First-Line Aldoxorubicin vs Doxorubicin in Metastatic or Locally Advanced Unresectable Soft-Tissue Sarcoma: A Phase 2b Randomized Clinical Trial

JAMA Oncol. 2015 Dec;1(9):1272-80. doi: 10.1001/jamaoncol.2015.3101.


Importance: Standard therapy for advanced soft-tissue sarcoma has not changed substantially in decades, and patient prognosis remains poor. Aldoxorubicin, a novel albumin-binding prodrug of doxorubicin, showed clinical activity against advanced soft-tissue sarcoma in phase 1 studies.

Objective: To evaluate efficacy and safety of aldoxorubicin vs doxorubicin in patients with advanced soft-tissue sarcoma.

Design, setting, and participants: International, multicenter, phase 2b, open-label, randomized study at general community practices, private practices, or institutional practices. Between August 2012 and December 2013, 140 patients with previously untreated locally advanced, unresectable, or metastatic soft-tissue sarcoma were screened.

Interventions: Randomization (2:1) to aldoxorubicin 350 mg/m2 (dose equivalent to doxorubicin 260 mg/m2) or doxorubicin 75 mg/m2, administered once every 3 weeks for up to 6 cycles.

Main outcomes and measures: Primary end point was progression-free survival. Secondary end points were 6-month progression-free survival, overall survival, tumor response rate, and safety. All efficacy end points were evaluated by independent and local review.

Results: A total of 126 patients were randomized, and 123 received aldoxorubicin (n = 83) or doxorubicin (n = 40). Median (range) patient age was 54.0 (21-77 years); 42 (34%) had leiomyosarcoma. By independent review, median progression-free survival was significantly improved (5.6 [95% CI, 3.0-8.1] vs 2.7 [95% CI, 1.6-4.3] months; P = .02) with aldoxorubicin compared with doxorubicin, as was the rate of 6-month progression-free survival (46% and 23%; P = .02). Median overall survival was 15.8 (95% CI, 13.0 to not available) months with aldoxorubicin and 14.3 (95% CI, 8.6-20.6) months with doxorubicin (P = .21). Overall tumor response rate (by Response Evaluation Criteria in Solid Tumors, version 1.1) by independent review was higher with aldoxorubicin than with doxorubicin (25% [20 patients, all partial response] vs 0%). Grade 3 or 4 neutropenia was more frequent with aldoxorubicin than with doxorubicin (24 [29%] vs 5 [12%]), but not grade 3 or 4 febrile neutropenia (12 [14%] vs 7 [18%]). No acute cardiotoxic effects were observed with either treatment, although left ventricular ejection fraction less than 50% occurred in 3 of 40 patients receiving doxorubicin.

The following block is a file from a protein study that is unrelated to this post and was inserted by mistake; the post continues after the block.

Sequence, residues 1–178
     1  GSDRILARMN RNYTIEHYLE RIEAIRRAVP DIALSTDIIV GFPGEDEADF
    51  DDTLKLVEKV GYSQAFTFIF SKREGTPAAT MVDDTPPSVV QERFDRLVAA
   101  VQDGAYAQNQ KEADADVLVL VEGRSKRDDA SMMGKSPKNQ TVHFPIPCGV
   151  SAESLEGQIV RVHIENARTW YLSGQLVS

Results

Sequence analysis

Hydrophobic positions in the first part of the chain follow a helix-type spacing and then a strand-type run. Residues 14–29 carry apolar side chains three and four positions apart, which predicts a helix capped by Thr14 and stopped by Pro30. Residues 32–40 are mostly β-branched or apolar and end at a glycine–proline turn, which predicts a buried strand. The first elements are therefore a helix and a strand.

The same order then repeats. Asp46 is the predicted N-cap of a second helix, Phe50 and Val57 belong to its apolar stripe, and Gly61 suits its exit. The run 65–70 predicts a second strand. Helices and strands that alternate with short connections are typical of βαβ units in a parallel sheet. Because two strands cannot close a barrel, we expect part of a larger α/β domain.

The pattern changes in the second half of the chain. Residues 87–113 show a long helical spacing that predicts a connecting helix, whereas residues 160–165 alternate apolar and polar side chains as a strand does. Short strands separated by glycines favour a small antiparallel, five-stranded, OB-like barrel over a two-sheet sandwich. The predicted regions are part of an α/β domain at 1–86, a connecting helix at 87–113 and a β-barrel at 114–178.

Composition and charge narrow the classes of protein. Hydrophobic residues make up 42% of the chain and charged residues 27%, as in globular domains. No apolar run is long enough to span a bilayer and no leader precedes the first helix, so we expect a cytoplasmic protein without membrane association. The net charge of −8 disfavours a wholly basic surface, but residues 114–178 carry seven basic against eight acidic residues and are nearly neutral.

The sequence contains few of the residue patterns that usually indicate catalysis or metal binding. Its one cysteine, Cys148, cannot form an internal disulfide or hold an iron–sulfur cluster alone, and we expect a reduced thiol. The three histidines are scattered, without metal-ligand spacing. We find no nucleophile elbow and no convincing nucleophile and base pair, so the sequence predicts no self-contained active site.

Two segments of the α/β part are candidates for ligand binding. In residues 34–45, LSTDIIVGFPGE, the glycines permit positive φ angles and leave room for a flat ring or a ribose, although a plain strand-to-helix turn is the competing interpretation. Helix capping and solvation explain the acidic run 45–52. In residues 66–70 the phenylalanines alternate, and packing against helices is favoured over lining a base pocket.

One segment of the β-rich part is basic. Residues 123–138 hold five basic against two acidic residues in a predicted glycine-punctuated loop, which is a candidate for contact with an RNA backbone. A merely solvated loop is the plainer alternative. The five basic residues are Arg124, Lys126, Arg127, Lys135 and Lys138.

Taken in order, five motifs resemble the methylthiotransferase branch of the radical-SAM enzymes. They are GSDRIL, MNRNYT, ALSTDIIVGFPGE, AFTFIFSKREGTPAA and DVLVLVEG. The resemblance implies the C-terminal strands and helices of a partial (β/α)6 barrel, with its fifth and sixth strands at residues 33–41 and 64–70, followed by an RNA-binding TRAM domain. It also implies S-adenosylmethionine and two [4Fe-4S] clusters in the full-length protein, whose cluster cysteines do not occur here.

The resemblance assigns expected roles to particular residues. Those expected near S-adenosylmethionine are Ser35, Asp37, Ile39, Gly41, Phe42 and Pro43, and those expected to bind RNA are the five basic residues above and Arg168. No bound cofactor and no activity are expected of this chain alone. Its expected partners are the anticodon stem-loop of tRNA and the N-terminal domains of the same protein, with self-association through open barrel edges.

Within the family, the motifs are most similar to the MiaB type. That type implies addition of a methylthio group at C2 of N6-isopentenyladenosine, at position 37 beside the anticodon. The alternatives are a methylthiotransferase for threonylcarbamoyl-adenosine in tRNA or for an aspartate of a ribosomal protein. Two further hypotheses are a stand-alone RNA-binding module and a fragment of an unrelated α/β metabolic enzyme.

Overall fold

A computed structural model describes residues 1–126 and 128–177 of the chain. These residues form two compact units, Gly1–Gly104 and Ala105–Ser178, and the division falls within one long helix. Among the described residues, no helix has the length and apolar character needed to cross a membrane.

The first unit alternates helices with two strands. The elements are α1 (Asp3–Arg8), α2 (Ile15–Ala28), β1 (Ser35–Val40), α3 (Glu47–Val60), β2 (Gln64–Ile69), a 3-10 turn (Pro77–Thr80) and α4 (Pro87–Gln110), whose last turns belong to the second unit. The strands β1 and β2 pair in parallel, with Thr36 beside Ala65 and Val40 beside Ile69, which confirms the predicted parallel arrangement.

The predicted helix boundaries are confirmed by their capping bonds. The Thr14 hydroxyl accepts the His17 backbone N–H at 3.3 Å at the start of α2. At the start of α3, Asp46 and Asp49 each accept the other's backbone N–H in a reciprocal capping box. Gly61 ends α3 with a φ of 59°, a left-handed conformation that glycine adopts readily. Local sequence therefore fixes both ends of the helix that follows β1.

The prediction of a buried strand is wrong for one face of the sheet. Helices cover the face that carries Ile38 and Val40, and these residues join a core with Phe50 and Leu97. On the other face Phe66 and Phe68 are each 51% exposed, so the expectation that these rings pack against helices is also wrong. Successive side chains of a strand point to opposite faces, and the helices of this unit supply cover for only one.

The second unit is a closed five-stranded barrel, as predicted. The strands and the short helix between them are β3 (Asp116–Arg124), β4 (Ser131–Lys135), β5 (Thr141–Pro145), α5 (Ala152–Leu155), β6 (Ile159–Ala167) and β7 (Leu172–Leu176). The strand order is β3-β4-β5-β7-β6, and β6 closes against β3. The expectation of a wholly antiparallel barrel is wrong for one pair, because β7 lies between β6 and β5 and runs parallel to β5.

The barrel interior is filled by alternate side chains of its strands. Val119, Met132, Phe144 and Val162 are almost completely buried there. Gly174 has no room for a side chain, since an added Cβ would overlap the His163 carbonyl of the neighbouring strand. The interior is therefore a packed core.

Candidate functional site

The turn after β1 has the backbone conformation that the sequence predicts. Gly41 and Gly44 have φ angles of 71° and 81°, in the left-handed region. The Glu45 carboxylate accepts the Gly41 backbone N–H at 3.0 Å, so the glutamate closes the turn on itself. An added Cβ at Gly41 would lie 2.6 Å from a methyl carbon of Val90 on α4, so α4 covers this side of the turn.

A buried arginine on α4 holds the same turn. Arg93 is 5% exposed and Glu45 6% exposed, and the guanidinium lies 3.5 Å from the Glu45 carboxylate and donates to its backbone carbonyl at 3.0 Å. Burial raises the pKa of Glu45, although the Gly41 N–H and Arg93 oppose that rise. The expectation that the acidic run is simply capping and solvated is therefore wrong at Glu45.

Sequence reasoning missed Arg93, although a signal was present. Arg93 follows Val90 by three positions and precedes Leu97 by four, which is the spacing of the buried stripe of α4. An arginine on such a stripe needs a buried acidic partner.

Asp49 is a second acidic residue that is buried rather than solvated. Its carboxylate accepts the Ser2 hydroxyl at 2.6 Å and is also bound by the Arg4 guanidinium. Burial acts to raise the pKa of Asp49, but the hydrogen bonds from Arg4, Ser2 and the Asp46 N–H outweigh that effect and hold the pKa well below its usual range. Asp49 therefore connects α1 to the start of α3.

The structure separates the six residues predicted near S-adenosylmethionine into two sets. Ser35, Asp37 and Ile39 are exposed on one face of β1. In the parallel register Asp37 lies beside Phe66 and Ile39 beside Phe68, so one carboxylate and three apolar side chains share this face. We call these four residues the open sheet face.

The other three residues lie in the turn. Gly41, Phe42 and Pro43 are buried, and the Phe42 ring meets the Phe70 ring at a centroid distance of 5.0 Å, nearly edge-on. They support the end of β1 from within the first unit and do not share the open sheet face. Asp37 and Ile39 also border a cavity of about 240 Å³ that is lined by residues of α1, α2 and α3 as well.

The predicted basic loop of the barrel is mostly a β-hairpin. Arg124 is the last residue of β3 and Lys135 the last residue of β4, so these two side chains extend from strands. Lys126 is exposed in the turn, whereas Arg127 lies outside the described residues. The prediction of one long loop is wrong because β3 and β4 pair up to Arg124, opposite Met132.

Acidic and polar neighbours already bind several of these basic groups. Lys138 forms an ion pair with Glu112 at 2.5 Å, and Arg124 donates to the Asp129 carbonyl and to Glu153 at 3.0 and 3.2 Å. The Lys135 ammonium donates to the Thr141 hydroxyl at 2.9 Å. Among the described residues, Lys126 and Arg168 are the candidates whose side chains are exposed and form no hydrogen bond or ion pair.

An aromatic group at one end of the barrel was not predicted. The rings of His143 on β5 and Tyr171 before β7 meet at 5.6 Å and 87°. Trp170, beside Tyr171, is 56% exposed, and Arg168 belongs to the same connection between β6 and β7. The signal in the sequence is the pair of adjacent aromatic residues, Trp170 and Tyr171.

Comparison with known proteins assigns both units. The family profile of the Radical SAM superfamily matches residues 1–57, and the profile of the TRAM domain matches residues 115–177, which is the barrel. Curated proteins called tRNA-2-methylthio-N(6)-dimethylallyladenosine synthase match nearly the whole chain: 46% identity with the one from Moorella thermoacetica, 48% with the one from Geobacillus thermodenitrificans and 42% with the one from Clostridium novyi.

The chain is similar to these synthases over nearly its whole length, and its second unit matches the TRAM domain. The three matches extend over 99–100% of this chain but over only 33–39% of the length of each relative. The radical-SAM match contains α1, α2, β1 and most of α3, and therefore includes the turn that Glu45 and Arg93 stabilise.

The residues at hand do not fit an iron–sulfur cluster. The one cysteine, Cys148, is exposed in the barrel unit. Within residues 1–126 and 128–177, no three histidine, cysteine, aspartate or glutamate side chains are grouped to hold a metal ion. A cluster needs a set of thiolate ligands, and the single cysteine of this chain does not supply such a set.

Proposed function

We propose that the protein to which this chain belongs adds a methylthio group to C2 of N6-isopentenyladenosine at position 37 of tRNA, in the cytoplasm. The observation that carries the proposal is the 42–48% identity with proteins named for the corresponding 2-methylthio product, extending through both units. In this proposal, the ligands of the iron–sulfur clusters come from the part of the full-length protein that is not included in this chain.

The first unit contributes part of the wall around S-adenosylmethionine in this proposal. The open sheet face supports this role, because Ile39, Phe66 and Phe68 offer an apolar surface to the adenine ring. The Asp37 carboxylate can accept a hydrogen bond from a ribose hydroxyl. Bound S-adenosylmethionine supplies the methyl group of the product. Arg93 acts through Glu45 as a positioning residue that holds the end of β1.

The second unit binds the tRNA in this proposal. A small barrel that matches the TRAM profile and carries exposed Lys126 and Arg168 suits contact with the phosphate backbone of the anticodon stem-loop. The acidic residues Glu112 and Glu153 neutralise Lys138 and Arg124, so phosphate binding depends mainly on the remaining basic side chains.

Conclusions and relevance: Single-agent aldoxorubicin therapy showed superior efficacy over doxorubicin by prolonging progression-free survival and improving rates of 6-month progression-free survival and tumor response. Aldoxorubicin therapy exhibited manageable adverse effects, without unexpected events, and without evidence of acute cardiotoxicity. Further investigation of aldoxorubicin therapy in advanced soft-tissue sarcoma is warranted.

Trial registration: Identifier: NCT01514188.

Publication types

  • Clinical Trial, Phase II
  • Comparative Study
  • Multicenter Study
  • Randomized Controlled Trial
  • Research Support, Non-U.S. Gov't

MeSH terms

  • Adult
  • Aged
  • Antibiotics, Antineoplastic / administration & dosage*
  • Antibiotics, Antineoplastic / adverse effects
  • Doxorubicin / administration & dosage*
  • Doxorubicin / adverse effects
  • Doxorubicin / analogs & derivatives
  • Drug Administration Schedule
  • Epidemiologic Methods
  • Female
  • Humans
  • Hydrazones / administration & dosage
  • Hydrazones / adverse effects
  • Infusions, Intravenous
  • Male
  • Middle Aged
  • Neoplasm Metastasis
  • Prodrugs / administration & dosage*
  • Prodrugs / adverse effects
  • Sarcoma / drug therapy*
  • Treatment Outcome
  • Young Adult


  • Antibiotics, Antineoplastic
  • Hydrazones
  • Prodrugs
  • Doxorubicin

Associated data